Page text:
Running a small business is one of the toughest things you will do in your life. Strapped for cash, you probably don’t have the funds to hire the best talent or utilize the latest technologies to help you scale.
We have all been there. It’s a situation in which you can envision both high-level strategy and its individual parts through functional decomposition. The problem lies in your capacity to do these tasks in a timely or efficient manner. Because you are strapped for cash, you simply cannot increase the quantity and quality of inputs. Eventually, all entrepreneurs add more from the only factor under their control: their own time.
This usually leads to horrible results.
Speculative Case Study: CurryFlow.com
Let’s say you own a website. I will take a real-life example to guide us through. Your website, CurryFlow.com aggregates quality content as well as original blogs on food, travel, and pop culture.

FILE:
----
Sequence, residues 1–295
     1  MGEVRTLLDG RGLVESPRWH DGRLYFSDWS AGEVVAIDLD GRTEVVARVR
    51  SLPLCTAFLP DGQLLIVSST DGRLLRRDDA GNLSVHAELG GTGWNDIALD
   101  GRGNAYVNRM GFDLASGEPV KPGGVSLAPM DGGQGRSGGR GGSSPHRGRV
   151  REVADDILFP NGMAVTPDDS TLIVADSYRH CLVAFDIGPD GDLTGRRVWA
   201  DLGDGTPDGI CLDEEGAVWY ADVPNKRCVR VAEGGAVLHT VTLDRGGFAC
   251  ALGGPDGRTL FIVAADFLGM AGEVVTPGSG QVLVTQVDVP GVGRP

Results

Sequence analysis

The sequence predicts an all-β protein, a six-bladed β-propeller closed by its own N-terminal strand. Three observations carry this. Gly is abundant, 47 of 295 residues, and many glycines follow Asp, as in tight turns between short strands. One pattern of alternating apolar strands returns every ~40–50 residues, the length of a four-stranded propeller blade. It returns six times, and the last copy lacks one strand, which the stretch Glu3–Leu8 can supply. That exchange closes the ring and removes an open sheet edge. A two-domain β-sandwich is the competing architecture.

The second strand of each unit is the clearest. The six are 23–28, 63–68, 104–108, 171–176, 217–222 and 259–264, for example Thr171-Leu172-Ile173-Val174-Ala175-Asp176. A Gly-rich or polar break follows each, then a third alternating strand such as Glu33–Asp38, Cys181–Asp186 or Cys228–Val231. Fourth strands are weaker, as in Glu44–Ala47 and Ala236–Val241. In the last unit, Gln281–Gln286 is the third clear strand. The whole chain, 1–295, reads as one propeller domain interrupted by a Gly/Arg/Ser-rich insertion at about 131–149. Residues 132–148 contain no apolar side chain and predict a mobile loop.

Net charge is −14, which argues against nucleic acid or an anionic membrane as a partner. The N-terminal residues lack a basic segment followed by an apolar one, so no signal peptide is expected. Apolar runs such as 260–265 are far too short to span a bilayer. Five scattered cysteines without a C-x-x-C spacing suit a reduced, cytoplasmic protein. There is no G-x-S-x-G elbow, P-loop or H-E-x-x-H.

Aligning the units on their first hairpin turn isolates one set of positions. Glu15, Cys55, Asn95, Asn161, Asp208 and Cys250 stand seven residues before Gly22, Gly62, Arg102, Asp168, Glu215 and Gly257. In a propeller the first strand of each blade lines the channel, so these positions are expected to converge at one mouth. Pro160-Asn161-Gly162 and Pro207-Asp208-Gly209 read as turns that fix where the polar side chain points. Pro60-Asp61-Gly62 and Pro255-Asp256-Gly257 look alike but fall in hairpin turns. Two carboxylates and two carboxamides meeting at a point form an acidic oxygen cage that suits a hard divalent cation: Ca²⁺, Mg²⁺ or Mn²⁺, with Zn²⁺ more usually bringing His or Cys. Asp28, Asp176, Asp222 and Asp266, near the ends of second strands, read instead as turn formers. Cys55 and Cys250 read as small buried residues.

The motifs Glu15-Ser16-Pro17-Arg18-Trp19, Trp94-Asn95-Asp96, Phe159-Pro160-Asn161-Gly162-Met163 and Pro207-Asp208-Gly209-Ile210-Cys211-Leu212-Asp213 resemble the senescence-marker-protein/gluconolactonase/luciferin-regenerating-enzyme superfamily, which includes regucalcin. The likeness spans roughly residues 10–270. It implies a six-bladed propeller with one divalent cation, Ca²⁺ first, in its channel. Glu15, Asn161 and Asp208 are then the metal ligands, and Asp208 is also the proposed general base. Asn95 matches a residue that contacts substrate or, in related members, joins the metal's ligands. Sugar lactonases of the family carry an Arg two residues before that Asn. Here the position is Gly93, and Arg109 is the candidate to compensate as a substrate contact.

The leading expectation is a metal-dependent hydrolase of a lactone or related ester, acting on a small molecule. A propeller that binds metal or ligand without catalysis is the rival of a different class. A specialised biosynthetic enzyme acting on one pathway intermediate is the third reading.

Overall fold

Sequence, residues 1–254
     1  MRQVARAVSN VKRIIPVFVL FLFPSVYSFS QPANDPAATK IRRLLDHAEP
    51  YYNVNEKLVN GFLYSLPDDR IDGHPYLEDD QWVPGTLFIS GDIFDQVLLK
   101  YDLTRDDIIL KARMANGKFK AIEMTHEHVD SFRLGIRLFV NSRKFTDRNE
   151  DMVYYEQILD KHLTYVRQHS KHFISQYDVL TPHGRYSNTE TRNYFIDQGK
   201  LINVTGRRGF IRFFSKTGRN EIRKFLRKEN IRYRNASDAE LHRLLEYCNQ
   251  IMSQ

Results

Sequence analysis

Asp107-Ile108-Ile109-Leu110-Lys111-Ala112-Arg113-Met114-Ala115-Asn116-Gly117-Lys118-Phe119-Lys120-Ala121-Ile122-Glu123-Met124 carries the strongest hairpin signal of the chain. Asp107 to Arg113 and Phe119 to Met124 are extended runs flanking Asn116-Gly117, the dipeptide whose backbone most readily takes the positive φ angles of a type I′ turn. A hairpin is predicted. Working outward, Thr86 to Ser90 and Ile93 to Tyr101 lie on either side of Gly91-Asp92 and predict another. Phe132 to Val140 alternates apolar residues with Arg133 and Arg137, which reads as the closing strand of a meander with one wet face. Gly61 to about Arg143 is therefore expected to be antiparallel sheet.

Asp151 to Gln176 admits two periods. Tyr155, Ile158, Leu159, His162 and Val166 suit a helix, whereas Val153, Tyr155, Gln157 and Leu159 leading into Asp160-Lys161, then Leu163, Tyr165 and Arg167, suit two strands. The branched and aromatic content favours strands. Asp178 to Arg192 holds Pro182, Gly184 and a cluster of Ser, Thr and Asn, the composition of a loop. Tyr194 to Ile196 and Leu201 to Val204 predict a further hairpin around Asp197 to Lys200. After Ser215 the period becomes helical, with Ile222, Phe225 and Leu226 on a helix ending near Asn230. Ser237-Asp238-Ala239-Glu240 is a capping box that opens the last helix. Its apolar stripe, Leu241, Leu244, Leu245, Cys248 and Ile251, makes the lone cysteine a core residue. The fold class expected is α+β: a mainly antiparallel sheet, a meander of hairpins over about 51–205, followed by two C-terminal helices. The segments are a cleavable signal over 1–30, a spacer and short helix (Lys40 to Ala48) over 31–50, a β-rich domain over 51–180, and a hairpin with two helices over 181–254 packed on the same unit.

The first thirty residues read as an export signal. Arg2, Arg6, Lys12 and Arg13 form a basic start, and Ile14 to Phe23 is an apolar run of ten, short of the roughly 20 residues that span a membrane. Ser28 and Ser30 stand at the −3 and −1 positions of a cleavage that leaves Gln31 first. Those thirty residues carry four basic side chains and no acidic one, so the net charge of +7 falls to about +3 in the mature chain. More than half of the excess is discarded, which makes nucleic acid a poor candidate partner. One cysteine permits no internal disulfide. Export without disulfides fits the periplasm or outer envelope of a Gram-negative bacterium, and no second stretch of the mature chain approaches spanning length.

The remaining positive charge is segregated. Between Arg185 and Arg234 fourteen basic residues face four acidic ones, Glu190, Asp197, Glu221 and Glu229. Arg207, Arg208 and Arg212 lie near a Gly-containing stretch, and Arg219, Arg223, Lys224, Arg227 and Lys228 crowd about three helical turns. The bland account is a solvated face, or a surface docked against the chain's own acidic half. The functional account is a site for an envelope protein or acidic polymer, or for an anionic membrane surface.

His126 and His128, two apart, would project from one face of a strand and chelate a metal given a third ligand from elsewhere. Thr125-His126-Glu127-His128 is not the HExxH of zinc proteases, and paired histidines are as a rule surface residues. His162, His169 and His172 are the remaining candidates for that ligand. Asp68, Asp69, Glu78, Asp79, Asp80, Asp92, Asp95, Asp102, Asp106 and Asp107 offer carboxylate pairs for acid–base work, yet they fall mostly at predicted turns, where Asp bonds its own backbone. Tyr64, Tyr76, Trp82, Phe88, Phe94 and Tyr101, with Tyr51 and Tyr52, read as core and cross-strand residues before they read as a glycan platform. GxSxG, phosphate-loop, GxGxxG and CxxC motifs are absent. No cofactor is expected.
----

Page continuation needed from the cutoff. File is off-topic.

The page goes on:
You know what the website requires: at least ten new engaging blog posts published every week. You don’t require New York Times standard research – just fairly simple content that makes people go back for more once or twice a week.
If everything ends well, you will be earning revenue through Google Adsense and the Audience Network. Your major earnings, however, will be through endorsements.
You’re handling the business side, content management, SEO, social media, and pretty much everything else with the help of 2-3 part-time gig workers.
In other words, you’re competing against major news magazines in your niche that employs 20-30 subject matter experts on average.
As the business owner, you know what you require to scale. It’s not a lot. But you just don’t have the resources.
The Producer – Performer Partnership
Your business might be completely different from the one posited above. You could be running a small SaaS company, a local restaurant chain, a real estate service provider or even a laundromat.
However, if you could somehow relate to the scenario above by translating it to your own situation, chances are that you are a producer.